Pink Shirt day, which is aimed to raise awareness around bullying, is celebrated on Feb 22nd.
Pink Shirt Day began in 2007 when a student in Nova Scotia was bullied for wearing a pink shirt to school. It has since been recognized annually worldwide as a day to Stand Against Bullying.
Pink Shirt Day helps to boost awareness of bullying and increase funding for programs to counter the behaviour, including programs to prevent violence and encourage self-esteem, kindness, and empathy among youth.
This year's theme, #BeKindAB, encourages Albertans to be inclusive, welcoming and supportive of colleagues, clients, friends and family. Building healthy relationships is one of the best ways to prevent bullying and create safe environments.
Here are a few ideas to get involved:
- Share Pink Shirt Day resources on social media
- Practice acts of kindness
- Discuss your role in bullying prevention with your friends, family or coworkers
- Learn where to turn for help, like Bullying – Find supports
Bullying can show up in many ways. It can come from aggression, threats, intimidation, and harassment. It is not confined to the playground or school and is not limited to children and youth. It permeates and pervades many systems and is experienced well into adulthood.
Bullying can emerge in children as young as three and we’re likely to see bullying to occur in preschools, kindergartens, playgroups, childcare, and any other social context where children interact (such as home, extended family gatherings etc.). When a preschooler is being bullied, it can be really hard for them to talk about it. This is when children are first learning how to talk with more words, let alone name their complicated feelings. When children are mistreated, especially so early in life, they may come to think this behaviour is ‘acceptable.’ Or that it’s their fault. Worse: they may even emulate it.
More than 75% of people say they've been bullied. More than 90% of bullying incidents have peer witnesses; when those peers intervene, most incidents are over within seconds. But if they don't – if these witnesses act as bystanders and not upstanders – the ongoing bullying can have dire and long-lasting consequences. It is linked to adverse mental health ramifications and can persistently challenge our physical health, along with our psychological safety and well-being.
We likely know someone (either a child or an adult) who has been or is being bullied. According to Statistics Canada, one in three Canadian teens in school has reported being recently bullied. And bullying isn't confined to school halls and classrooms. It can also affect people online and at work. According to the Canadian Institutes of Health Research, 40% of Canadian workers experience bullying on a weekly basis.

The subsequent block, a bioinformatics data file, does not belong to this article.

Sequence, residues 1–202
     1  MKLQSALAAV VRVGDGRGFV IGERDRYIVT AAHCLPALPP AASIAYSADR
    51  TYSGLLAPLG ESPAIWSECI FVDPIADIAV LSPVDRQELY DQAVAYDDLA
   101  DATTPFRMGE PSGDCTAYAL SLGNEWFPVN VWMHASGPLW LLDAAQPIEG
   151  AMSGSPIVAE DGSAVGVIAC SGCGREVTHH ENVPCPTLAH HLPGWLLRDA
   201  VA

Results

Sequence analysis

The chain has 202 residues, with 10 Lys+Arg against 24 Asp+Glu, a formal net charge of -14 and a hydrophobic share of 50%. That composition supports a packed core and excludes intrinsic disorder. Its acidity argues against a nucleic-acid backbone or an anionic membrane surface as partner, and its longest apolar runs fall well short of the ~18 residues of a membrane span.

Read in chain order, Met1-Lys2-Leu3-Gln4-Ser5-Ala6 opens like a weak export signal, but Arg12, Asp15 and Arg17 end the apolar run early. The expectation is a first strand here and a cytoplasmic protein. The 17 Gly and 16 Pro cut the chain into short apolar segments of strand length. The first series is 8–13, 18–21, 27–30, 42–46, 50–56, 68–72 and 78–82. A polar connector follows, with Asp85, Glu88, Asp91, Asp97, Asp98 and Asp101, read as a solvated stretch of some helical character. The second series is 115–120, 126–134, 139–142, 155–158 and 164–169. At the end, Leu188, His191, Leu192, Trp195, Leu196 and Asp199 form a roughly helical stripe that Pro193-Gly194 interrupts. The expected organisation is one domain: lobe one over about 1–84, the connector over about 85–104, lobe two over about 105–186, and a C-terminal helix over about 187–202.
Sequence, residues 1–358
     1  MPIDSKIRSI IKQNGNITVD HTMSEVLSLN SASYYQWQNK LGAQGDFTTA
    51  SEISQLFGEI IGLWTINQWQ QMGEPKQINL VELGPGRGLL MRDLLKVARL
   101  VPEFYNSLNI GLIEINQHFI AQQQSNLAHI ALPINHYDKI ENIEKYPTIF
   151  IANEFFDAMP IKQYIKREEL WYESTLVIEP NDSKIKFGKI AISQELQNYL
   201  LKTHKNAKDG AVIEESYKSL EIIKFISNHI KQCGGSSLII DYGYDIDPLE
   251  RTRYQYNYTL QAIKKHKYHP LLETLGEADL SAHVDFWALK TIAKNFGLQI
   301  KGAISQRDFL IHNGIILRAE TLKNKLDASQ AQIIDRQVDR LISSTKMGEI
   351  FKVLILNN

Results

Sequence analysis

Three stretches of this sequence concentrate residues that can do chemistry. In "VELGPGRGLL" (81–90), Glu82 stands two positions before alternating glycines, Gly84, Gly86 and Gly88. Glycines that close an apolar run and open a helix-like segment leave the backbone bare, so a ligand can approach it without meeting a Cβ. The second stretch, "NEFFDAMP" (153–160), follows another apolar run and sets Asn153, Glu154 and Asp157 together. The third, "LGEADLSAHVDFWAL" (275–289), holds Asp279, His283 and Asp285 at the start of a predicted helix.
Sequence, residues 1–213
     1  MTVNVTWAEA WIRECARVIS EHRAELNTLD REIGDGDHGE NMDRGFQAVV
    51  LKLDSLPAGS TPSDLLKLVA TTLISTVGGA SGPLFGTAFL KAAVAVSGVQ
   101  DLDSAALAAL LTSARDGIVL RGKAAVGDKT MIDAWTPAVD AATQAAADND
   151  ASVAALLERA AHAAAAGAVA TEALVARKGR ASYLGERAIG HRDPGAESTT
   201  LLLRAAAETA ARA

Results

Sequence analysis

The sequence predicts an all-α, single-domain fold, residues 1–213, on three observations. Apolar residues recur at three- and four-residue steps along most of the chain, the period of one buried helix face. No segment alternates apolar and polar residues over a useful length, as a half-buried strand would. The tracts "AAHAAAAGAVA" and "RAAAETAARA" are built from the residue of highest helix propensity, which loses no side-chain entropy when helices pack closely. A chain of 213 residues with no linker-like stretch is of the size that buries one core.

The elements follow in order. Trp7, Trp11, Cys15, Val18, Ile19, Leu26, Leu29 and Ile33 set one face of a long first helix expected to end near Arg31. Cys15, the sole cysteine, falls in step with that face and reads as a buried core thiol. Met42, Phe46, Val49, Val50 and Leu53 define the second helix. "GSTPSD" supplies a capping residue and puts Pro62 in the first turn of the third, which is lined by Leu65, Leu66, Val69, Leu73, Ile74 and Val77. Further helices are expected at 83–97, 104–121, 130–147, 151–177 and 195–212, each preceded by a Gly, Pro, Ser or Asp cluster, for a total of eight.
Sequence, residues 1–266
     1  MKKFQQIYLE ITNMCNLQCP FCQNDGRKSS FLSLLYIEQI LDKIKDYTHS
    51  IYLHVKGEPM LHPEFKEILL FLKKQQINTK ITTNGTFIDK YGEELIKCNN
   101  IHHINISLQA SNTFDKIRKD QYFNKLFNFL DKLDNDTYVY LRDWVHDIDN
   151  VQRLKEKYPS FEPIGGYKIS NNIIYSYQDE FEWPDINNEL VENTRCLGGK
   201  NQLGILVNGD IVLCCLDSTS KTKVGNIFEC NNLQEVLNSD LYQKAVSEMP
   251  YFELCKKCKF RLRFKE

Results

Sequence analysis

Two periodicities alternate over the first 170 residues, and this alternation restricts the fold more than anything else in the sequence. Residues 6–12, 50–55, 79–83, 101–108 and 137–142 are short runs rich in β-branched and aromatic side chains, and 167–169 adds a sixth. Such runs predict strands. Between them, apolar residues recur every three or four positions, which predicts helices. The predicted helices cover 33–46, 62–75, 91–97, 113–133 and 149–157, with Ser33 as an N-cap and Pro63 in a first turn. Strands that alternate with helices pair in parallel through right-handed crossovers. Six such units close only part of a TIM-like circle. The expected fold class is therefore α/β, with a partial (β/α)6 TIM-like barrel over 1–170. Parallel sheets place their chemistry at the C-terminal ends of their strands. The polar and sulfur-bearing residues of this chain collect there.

When it comes to bullying, no one wins. In the short-term, bullying can be detrimental to both the individual being bullied and the bullier. The effects of childhood bullying are linked to poorer mental health and well-being, and the harms can linger well into adulthood.
Younger children view bullying as being hurtful and aggressive, but they typically do not recognize that bullying involves repetitive behavior or a power imbalance . Young children’s ability to understand bullying may also be affected by their somewhat limited understanding about motivation and intention; some may be unable to compare peer responses, reflect on their own behavior, or understand another’s point-of-view until they are in early elementary grades.
Parents and caregivers have an important opportunity and responsibility to help stop bullying before it starts in early childhood. However, most adults do not think about bullying until it has already grown into a major problem.
And just as important as it is to talk about victims of bullying, those children who bully others will also display changes in their behaviour and are at risk of developing mental health challenges or engaging in risky behaviours such as substance use.
Children and youth who are bullying others tend to act more aggressively towards siblings, parents and friends and may blame others for problems they're experiencing.
One solution is to discuss healthy relationships and model these behaviours at home. It's also essential to set clear limits, discuss conflict resolution and help children with healthy coping skills and tools to manage their emotions.
To mitigate bullying effectively, caregivers need to begin in the early childhood years to:
- Understand the nature and origins of bullying;
- Discuss and establish clear rules with young children that disallow harmful behavior and encourage helpful behavior;
- Teach and give young children practice in applying prevention skills they will need to strengthen in the roles of bully (empathy skills), victim (assertiveness skills) or bystander (problem-solving skills); and
- Prepare themselves to recognize and respond effectively to young children’s “pre-bullying” and early bullying behaviors.
By working together before bullying has become a difficult and established problem, young children and adults can support each other in becoming effective bullying preventers.
At Kids Kottage, we stand against bullying and encourage everyone to be kind towards each other.
Stop Bullying at Its Roots—in Early Childhood
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